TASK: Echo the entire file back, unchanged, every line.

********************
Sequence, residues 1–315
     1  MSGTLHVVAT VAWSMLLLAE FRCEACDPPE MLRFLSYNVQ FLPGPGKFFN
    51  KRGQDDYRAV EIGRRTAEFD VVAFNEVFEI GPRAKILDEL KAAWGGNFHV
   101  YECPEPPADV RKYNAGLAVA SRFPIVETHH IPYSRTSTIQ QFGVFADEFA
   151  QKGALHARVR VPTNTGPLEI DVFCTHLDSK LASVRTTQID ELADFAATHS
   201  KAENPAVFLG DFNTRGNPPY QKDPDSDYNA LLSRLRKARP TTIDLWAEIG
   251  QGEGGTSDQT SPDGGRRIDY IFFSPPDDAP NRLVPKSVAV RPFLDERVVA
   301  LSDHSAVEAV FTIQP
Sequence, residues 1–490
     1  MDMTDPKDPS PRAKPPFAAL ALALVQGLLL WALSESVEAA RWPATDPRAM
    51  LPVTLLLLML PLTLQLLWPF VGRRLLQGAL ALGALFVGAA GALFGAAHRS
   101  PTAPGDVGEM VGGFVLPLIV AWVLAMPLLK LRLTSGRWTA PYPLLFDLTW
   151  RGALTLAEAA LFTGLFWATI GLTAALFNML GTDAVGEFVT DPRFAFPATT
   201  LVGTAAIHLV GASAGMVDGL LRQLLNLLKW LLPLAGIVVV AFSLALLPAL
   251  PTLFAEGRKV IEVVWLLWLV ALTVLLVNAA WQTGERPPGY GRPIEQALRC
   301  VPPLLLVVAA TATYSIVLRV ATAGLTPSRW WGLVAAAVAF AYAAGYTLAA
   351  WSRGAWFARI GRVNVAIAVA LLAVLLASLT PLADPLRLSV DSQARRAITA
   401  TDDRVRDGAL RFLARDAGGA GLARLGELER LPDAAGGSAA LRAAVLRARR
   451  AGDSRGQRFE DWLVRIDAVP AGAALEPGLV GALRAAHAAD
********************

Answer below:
Sequence, residues 1–315
     1  MSGTLHVVAT VAWSMLLLAE FRCEACDPPE MLRFLSYNVQ FLPGPGKFFN
    51  KRGQDDYRAV EIGRRTAEFD VVAFNEVFEI GPRAKILDEL KAAWGGNFHV
   101  YECPEPPADV RKYNAGLAVA SRFPIVETHH IPYSRTSTIQ QFGVFADEFA
   151  QKGALHARVR VPTNTGPLEI DVFCTHLDSK LASVRTTQID ELADFAATHS
   201  KAENPAVFLG DFNTRGNPPY QKDPDSDYNA LLSRLRKARP TTIDLWAEIG
   251  QGEGGTSDQT SPDGGRRIDY IFFSPPDDAP NRLVPKSVAV RPFLDERVVA
   301  LSDHSAVEAV FTIQP
Sequence, residues 1–490
     1  MDMTDPKDPS PRAKPPFAAL ALALVQGLLL WALSESVEAA RWPATDPRAM
    51  LPVTLLLLML PLTLQLLWPF VGRRLLQGAL ALGALFVGAA GALFGAAHRS
   101  PTAPGDVGEM VGGFVLPLIV AWVLAMPLLK LRLTSGRWTA PYPLLFDLTW
   151  RGALTLAEAA LFTGLFWATI GLTAALFNML GTDAVGEFVT DPRFAFPATT
   201  LVGTAAIHLV GASAGMVDGL LRQLLNLLKW LLPLAGIVVV AFSLALLPAL
   251  PTLFAEGRKV IEVVWLLWLV ALTVLLVNAA WQTGERPPGY GRPIEQALRC
   301  VPPLLLVVAA TATYSIVLRV ATAGLTPSRW WGLVAAAVAF AYAAGYTLAA
   351  WSRGAWFARI GRVNVAIAVA LLAVLLASLT PLADPLRLSV DSQARRAITA
   401  TDDRVRDGAL RFLARDAGGA GLARLGELER LPDAAGGSAA LRAAVLRARR
   451  AGDSRGQRFE DWLVRIDAVP AGAALEPGLV GALRAAHAAD